School of Cosmetic Science, Mae Fah Luang University, Muang, Chiang Rai, Thailand
Department of Microbiology and Immunology, Faculty of Tropical Medicine, Mahidol University, Ratchathewi, Bangkok, Thailand

Abstract
In Thailand, there has been growing interest in the use of colored rice extracts as a new source of anti-oxidative and anti-inflammatory effects. This study investigates the effects of different colored rice extracts in terms of their biological content, anti-oxidative activity, and their ability to reduce pro-inflammatory cytokines and matrix metalloproteinase (MMP) expression. Various colored rice from different rice cultivating areas in Thailand were used to obtain ethanolic extracts. The biological compounds in colored-rice extracts were determined by Folin-Ciocalteu colorimetric and pH-differential methods. To determine the anti-oxidative properties of colored-rice extract, DPPH radical scavenging, ferrous reducing power, and lipid peroxidation assays were used. The cytotoxicity of colored rice extracts was determined by MTT assay on a human promyelocytic leukemia (HL-60) cell line in vitro. The inhibition of pro-inflammatory cytokines (IL-6, TNF-a, NF-?B) and MMP expression in LPS-induced HL-60 cells was determined by ELISA assay. Moreover, MMP activity was determined by gelatinolytic zymography. The results found that red (Mun Poo, MP) rice exhibited high anti-oxidative activity and reduced pro-inflammatory cytokines and MMP-2 expression in LPS-induced HL-60 cells. This study provides new insights into the potential use of Thai colored rice extracts, especially red rice, as a source of anti-oxidants and anti-inflammation.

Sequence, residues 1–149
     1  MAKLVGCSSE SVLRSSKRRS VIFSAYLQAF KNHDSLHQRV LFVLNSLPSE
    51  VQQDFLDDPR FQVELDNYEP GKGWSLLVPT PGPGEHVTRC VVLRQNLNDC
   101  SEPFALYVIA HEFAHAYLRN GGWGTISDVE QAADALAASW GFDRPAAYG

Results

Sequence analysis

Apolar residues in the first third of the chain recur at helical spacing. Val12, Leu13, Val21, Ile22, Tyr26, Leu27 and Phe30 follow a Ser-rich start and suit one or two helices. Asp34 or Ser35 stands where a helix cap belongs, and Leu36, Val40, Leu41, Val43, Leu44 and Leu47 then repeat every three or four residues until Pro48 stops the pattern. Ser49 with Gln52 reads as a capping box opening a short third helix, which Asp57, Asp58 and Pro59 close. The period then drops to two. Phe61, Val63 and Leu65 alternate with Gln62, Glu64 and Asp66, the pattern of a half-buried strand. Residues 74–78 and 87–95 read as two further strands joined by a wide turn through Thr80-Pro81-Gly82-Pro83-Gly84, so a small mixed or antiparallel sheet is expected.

Pages 69-77 | Full Text PDF